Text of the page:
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back-up conection to internet

Posted on 2000-04-25
Last Modified: 2010-09-30
is it possible to have 2 network range addresses at two different isp (with different access methods to internet, two satellites or something like that), but the internet users can access the servers from my organization with the same fully qualified domain name, in case that one connection or another fails?

is it another possibility to have a total back up connection to internet?

Question by:adriancristea
  • 4
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LVL 13

Accepted Solution

hstiles earned 75 total points
ID: 2750901
You would be unlucky if your ISP experienced a loss of service across their entire infrastructure...

As an example, we use a piece of equipment made by Ericsson, called a Colorado.  It supports both leased line a single standard rate ISDN connection.

You could set up a multilink route so that if the leased line was to go down, the device would automatically dial an ISDN number to reach the outside world.

Author Comment

ID: 2753969
i'm still waiting for an answer with two different isp. from my knowledge it's not possible, but i hope that there is a solution.


Expert Comment

ID: 2933002

in fact there is 1 full solution and 1 partial solution.
The full solution is that you obtain your own AS number and interface via BGP.4 to two different ISP's. This is called multihoming and is also what ISPs are using to interconnect.

The partial solution only works for incoming and outgoing email and web browsing. It does not work for access to your corporate web server. It goes as follows : you buy two routers and configure them to use VRRP (virtual router redundancy protocol), cisco's implementation is called HSRP. You connect the ethernet interface of each router to your lan and the serial interface to 2 different ISPs. In case of failure of one of the routers or the ISP's leased line your outgoing traffic will use the backup router. So web browsing and outgoing mail will always work. Incoming mail now. Incoming mail is always sent to the ip address of the server that is mentionned in your DNS zonefile as being an MX server. one can put each MX record more that one MX records with a different weight, e.g. :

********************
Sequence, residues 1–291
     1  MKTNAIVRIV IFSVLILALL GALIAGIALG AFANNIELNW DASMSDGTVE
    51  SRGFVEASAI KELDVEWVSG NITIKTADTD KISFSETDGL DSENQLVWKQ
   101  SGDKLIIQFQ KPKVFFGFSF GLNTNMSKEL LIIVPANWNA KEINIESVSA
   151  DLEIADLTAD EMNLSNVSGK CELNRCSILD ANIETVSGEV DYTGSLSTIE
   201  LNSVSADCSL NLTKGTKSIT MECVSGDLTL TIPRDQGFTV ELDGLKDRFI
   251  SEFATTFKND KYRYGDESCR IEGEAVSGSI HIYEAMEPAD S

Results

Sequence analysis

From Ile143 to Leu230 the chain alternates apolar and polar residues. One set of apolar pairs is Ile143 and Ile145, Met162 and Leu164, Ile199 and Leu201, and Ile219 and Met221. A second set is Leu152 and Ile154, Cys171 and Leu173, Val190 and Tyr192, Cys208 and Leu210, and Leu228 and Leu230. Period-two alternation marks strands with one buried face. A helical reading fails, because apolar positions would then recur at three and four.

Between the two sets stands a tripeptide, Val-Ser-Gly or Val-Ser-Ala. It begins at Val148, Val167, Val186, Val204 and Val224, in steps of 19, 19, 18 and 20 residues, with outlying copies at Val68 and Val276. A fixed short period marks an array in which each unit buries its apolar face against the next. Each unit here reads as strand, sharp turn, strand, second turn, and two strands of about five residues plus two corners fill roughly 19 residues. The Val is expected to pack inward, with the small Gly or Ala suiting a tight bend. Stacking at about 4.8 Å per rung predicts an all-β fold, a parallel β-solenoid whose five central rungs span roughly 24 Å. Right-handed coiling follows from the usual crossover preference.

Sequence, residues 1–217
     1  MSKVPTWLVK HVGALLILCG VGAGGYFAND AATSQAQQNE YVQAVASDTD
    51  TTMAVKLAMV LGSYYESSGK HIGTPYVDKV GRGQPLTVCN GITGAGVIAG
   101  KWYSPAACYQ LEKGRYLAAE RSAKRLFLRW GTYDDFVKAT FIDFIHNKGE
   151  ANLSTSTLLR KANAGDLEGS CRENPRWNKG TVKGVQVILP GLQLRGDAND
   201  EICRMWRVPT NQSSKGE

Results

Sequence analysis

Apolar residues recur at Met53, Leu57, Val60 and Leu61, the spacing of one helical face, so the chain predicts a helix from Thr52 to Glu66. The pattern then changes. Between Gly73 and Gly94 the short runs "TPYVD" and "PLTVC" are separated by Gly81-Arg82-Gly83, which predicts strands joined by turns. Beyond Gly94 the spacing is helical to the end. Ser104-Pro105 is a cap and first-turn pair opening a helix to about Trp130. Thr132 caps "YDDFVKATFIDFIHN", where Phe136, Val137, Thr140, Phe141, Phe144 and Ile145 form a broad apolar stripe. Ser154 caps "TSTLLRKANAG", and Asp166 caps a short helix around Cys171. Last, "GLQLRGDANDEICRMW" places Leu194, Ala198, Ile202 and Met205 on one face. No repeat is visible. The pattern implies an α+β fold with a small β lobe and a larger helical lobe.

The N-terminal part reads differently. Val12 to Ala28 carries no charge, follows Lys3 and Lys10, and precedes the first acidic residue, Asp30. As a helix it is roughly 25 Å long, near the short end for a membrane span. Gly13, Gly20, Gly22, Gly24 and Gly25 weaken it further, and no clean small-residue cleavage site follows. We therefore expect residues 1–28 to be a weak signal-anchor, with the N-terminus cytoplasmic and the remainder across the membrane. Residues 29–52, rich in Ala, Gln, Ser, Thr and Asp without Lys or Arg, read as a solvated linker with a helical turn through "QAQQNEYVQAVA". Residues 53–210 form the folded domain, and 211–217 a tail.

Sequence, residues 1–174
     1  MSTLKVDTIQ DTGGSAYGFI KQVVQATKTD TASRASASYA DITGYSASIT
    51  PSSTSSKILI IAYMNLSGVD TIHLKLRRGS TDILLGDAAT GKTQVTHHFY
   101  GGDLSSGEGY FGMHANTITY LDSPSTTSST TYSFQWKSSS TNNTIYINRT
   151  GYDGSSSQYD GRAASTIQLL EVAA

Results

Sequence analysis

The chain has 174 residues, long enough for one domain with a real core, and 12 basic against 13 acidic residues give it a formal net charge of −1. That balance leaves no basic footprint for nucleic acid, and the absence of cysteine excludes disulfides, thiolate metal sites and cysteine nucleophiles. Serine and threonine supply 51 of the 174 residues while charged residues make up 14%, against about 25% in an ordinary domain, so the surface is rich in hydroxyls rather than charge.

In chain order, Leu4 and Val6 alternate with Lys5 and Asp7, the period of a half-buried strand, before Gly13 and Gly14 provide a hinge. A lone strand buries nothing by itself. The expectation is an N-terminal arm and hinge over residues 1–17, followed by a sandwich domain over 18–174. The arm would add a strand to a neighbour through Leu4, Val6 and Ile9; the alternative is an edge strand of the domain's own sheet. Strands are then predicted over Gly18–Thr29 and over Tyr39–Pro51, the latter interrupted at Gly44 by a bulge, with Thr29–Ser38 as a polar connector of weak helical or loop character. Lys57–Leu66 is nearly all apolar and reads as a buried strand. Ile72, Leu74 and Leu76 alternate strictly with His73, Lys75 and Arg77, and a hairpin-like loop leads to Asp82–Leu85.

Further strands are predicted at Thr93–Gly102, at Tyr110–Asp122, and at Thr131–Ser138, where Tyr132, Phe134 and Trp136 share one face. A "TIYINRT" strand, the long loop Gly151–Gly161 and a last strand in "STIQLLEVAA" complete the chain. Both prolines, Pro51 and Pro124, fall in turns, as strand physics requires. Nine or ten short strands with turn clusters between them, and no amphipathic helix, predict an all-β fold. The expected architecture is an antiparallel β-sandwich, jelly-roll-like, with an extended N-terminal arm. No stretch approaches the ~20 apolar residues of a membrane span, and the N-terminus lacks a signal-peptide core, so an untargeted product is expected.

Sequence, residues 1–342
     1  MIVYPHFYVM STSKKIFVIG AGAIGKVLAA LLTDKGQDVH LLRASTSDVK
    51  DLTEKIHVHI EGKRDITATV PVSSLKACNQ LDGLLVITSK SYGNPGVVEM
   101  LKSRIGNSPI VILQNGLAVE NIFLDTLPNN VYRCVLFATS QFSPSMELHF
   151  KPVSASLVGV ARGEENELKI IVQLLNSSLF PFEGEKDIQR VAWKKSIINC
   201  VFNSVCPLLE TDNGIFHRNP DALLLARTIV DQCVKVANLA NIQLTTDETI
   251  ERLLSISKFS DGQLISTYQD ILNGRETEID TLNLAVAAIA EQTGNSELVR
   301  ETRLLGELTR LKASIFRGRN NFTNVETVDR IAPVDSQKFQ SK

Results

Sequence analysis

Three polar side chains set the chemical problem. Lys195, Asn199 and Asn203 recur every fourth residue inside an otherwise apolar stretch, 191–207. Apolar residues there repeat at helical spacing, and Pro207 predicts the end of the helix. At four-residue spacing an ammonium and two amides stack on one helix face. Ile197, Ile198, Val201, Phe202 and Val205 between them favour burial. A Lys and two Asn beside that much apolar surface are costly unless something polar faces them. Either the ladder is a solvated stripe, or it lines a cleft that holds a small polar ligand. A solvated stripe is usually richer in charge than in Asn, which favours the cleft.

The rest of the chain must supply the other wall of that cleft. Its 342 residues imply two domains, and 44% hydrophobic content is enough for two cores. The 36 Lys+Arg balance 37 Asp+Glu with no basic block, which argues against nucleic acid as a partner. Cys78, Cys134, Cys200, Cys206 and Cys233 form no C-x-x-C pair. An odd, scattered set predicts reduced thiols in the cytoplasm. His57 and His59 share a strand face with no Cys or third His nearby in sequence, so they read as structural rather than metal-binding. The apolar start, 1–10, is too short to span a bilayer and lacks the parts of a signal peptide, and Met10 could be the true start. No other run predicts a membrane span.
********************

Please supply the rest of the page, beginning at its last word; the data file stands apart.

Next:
mail.yourdomain.com 10 MX
mail2.yourdomain.com 20 MX

mail.yourdomain.com has an IP address of your first ISP, mail2.yourdomain.com has an IP address of your backup ISP, but in reality for you this is the same physical machine in your LAN. In this case all mail will be sent to mail.yourdomain.com via your first ISP. If connectivity via the first ISP is lost, mail will be sent to mail2.yourdomain.com.

I hope this answers your question,

Kind regards,


P.S. I would be interested to understand whether other options are also possible.
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Author Comment

ID: 2937294
the full solution is what i need. thank you very much.


Author Comment

ID: 2937309
to jordi: how can i give you some points (i don't have much:400)?

Expert Comment

ID: 2942460
adrian, i am happy with the 7 points as mentionned for this question. Info in obtaining your own AS number can be found at www.ripe.net if you are in Europe.

Author Comment

ID: 2944241
i think they are 70 points. but anyway, i don't know how. i'll reload the question; you just answer (no matter what) and i'll give you the points.

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